Great pond snail (Lymnaea stagnalis)

KingdomAnimalia
PhylumMollusca
ClassGastropoda
OrderBasommatophora
FamilyLymnaeidae
GenusLymnaea (1)
SizeShell height: 4.5 - 6 cm (2)
Shell width: 2 - 3 cm (2)

The great pond snail is classified as Least Concern (LC) on the IUCN Red List (1). It is common and widespread in England, but is scarce in Scotland and Wales (2).

The aptly named great pond snail (Lymnaea stagnalis) is the largest pond snail in Britain (1). The great pond snail has a shiny yellowish brown shell, with a tall, slender and pointed spire (2). The shell walls are delicate and fairly transparent; they have fine markings, more prominent growth lines and variable dents on the surface (2). The great pond snail's body is yellowish grey in colour, with a large head and long, flattened tentacles (3).

The great pond snail occurs throughout Europe, northern Asia and North America (2), a distribution which is likely to have been affected by the introduction of this species to garden ponds (1).

The great pond snail is found in still or slow-moving waters where there is plenty of aquatic vegetation (2). As the specific part of the Latin name, stagnalis, suggests, this species prefers stagnant water (6).

Using its rasping tongue, known as a radula, the great pond snail feeds on both plant and animal matter, leaving behind distinctive feeding marks (7). It can even attack newts, small fishes, and water beetle larvae and may occasionally be cannibalistic, eating smaller great pond snails (3).

The great pond snail lays large gelatinous egg-masses on weeds and other objects in the pond (6). These egg masses measure between five and six centimetres in length (5), and can contain as many as 50 to 120 eggs (6). The size to which a specimen will grow is dependent upon the volume of water in the pond; individuals grow larger in big ponds. Young specimens are slender and have more translucent shells than mature snails (6).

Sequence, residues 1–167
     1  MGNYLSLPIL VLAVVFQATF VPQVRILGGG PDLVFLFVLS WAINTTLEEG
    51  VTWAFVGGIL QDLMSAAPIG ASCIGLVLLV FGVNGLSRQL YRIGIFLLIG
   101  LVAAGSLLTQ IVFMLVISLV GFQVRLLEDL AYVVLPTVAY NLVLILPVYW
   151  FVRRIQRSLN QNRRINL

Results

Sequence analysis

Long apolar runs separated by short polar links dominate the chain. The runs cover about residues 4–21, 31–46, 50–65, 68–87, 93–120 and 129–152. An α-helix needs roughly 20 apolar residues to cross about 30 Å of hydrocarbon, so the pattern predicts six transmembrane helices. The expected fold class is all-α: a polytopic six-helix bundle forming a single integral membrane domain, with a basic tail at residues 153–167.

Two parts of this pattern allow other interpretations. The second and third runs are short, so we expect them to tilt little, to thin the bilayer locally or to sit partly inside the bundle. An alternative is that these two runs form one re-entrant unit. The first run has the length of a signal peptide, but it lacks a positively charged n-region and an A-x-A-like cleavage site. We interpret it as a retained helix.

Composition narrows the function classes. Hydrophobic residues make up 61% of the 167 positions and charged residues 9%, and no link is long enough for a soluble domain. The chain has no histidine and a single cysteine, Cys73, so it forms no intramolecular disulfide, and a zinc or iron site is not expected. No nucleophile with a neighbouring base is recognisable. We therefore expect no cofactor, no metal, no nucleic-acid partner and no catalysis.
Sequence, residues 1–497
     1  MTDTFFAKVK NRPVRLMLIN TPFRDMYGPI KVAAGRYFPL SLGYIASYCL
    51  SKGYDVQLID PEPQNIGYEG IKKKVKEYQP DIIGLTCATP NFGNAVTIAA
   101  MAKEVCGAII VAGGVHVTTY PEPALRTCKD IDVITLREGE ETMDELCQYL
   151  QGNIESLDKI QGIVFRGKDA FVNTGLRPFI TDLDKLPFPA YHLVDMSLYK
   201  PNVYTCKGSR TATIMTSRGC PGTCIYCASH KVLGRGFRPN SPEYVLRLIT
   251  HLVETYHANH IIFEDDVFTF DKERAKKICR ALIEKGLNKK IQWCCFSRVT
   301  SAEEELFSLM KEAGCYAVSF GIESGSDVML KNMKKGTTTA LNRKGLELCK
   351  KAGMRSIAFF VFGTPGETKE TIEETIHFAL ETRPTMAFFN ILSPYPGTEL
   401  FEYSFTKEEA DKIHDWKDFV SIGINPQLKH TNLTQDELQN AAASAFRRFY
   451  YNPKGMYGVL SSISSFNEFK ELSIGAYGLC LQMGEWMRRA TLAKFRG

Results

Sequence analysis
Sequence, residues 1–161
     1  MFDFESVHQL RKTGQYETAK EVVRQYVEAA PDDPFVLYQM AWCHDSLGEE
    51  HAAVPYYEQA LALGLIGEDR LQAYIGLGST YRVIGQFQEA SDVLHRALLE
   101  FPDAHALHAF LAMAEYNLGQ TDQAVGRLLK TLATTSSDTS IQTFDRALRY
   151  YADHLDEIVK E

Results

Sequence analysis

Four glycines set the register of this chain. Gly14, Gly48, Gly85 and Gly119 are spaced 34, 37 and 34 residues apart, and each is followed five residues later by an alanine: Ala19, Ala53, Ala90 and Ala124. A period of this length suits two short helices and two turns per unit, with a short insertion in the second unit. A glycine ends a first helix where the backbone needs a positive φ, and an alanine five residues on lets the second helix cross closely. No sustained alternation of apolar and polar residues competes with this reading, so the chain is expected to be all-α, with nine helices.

Although the great pond snail often comes to the surface to take in air into a respiratory cavity, when the pond becomes covered in ice or when the snail moves to deeper water in winter, it is able to take in oxygen from the water through the skin. The wide tentacles play a key role in the intake of oxygen; the surface of the tentacles is covered in tiny hair-like structures known as 'cilia' which function to increase their surface area, thus increasing the intake of air (4).

The great pond snail is not currently threatened.

No conservation action has been targeted at the great pond snail.

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This information is awaiting authentication by a species expert, and will be updated as soon as possible. If you are able to help please contact:
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  1. IUCN Red List (April, 2011)
    http://www.iucnredlist.org/
  2. Pfleger, V. and Chatfield, J. (1983) A Guide to Snails of Britain and Europe. The Hamlyn Publishing Group Ltd., London.
  3. Step. E. (1951) Shell Life: an Introduction to the British Mollusca. Frederick Warne & Co. Ltd., London.
  4. Nichols, D., Cooke, J. and Whiteley, D. (1971) The Oxford Book of Invertebrates. Oxford University Press, Oxford
  5. Sterry, P. (1997) Complete British Wildlife Photo Guide. Harper Collins Publishers, Ltd., London.
  6. Olsen, L., Sunesen, J. and Pedersen, B. (2001) Small Freshwater Creatures. Oxford University Press, Oxford.
  7. Janus, H. (1982) The Illustrated Guide to Molluscs. Harold Starke Ltd., London.